There seems to be a rhythm to the investigation into federal oversight of the compounding pharmacy industry that is playing out in the U.S. capitol. FDA Commissioner Margaret Hamburg gets called up for a House or Senate hearing to explain what lapses led to more than 740 Americans being infected with viral meningitis tied to compounded drugs, and the day before she goes, the FDA announces a recall of drugs from another compounder.
Hamburg is slated to testify Thursday before the Senate Health, Education, Labor, and Pensions Committee, along with a panel made up mostly of compounding industry officials. On Wednesday the FDA sent out a notice that The Compounding Shop of St. Petersburg, FL, recalled all of its sterile drugs after an inspection by the agency found sterility issues that could lead to microbial contamination.
Hearings began last year after the meningitis outbreak that has now killed 55 and sickened 741 was traced back to contaminated drugs made by the now-defunct New England Compounding Center in Massachusetts. Hamburg has defended the agency's response to the outbreak, saying that the FDA's authority over compounders is undefined, but she also had it launch inspections into the 30 largest compounders.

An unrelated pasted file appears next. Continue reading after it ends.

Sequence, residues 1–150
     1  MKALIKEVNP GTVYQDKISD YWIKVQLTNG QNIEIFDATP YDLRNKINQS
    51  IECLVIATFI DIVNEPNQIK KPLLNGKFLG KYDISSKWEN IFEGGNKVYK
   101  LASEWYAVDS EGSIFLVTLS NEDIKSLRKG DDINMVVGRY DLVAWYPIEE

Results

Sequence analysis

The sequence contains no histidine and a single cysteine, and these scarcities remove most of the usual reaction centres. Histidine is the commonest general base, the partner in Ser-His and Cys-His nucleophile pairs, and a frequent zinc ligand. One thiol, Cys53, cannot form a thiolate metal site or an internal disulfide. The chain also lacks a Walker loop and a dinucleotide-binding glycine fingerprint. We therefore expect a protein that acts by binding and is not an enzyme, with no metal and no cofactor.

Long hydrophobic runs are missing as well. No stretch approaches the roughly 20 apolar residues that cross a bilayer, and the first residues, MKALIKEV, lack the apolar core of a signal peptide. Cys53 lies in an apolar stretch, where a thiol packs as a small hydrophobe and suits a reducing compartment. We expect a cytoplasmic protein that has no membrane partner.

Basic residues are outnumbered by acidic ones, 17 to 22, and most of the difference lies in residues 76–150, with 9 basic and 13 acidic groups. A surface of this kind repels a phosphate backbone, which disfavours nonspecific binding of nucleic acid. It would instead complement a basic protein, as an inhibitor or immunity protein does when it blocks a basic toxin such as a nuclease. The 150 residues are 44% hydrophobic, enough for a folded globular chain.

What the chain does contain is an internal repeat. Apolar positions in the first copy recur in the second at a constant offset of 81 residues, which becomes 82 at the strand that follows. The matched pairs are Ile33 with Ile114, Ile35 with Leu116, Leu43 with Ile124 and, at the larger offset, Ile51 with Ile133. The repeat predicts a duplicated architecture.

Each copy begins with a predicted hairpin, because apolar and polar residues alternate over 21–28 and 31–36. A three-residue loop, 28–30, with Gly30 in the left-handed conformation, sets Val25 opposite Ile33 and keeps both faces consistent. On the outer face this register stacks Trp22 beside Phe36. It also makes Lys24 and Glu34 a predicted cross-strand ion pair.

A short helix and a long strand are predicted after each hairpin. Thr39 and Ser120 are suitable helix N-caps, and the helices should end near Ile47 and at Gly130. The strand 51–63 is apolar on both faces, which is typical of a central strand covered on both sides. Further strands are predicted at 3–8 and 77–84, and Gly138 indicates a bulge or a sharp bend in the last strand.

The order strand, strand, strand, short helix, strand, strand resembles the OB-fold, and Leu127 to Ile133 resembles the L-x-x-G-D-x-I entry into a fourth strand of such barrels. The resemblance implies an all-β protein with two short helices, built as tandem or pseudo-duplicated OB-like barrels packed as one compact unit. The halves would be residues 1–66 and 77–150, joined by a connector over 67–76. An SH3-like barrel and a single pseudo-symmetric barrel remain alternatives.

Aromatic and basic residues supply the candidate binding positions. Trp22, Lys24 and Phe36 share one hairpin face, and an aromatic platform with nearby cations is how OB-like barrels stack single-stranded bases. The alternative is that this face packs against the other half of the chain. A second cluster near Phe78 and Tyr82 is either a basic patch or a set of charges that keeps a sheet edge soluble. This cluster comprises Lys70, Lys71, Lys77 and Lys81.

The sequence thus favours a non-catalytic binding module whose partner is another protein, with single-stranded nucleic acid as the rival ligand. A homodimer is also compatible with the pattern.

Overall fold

Hamburg has asked Congress to pass a law that gives the FDA clear authority to oversee the largest compounders, which traditionally have been regulated by state authorities. A bipartisan bill is now making its way through Congress that would do just that. According to Reuters, it would establish a new category of large compounding pharmacies that would have to register with the FDA and report any adverse reactions tied to their drugs.
This new proposed legislation would not require the compounders to meet all of the strict regulations that drug manufacturers do, like getting preapproval of their products and labels. It would, however, prevent them from any longer making the most complex biologic drugs that are more easily contaminated. They also would not be allowed to make their own versions of FDA-approved drugs unless there is a shortage. And like manufacturers, they would have to kick in fees for the privilege of having FDA supervision.
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